Declarations bind names to values. Variables are declared inside the global section of the rule set, the rule prelude, functions, and user-defined actions.
The expression on the right is evaluated and its value is bound to the variable on the left. The right-hand side can be any valid expression.
Declarations are separated by semicolons.
The following example shows two variables,
y, being declared:
KRL is statically scoped. Each place where an identifier is bound in a program corresponds to a region of the program text within which the binding is visible. The region is determined by the particular programmatic context where the binding is made:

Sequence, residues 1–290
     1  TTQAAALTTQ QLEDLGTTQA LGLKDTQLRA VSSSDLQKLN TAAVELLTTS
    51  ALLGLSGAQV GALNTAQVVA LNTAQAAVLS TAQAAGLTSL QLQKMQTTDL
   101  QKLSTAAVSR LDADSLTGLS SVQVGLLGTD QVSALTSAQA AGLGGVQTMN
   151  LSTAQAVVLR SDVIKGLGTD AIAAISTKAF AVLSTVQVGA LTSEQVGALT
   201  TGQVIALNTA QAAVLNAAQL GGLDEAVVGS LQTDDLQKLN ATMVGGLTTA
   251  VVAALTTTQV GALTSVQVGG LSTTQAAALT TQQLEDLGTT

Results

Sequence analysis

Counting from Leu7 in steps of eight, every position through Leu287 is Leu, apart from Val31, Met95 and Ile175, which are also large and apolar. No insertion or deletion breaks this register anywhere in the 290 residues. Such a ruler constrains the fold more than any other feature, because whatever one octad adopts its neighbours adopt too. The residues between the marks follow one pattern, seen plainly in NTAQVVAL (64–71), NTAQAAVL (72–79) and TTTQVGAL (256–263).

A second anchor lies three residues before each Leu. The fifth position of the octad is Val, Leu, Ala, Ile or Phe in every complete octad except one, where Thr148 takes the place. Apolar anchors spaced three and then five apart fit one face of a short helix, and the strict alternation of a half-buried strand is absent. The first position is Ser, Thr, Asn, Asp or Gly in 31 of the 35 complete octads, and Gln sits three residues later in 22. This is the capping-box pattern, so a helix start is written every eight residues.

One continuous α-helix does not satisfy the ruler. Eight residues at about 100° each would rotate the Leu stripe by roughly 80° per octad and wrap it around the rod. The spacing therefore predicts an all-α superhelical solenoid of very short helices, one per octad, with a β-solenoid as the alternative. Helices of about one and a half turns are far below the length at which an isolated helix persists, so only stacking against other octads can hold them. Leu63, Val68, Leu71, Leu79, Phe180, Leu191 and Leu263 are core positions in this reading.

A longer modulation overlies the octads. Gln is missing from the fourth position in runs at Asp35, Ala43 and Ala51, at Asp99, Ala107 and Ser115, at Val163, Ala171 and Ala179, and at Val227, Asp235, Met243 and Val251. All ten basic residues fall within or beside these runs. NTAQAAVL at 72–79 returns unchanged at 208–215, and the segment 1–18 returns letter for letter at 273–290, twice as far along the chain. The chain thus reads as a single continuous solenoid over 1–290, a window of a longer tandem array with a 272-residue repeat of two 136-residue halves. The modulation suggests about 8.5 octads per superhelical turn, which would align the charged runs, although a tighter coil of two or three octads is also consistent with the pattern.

- Each rule set is a binding scope and the bindings constructed within a rule set evaluation are only visible within that rule set execution. Any declarations made in the global section of a rule set will be visible for the execution of any rules in that rule set.
- Each rule is also a binding scope. Values bound to names in the setting clause of an eventex and values bound in the prelude are visible throughout the execution of that particular rule.
KRL variable declarations are not variable assignments. Neither can KRL expressions cause persistent side effects. For example, the second declaration in the following prelude does not change the value to which
x is bound. Rather, it results in two bindings of
x, one of which is hidden (shadowed) by the other:
Developers should avoid treating declarations as assignments because they will invariably be surprised by the resulting semantics in subtle ways.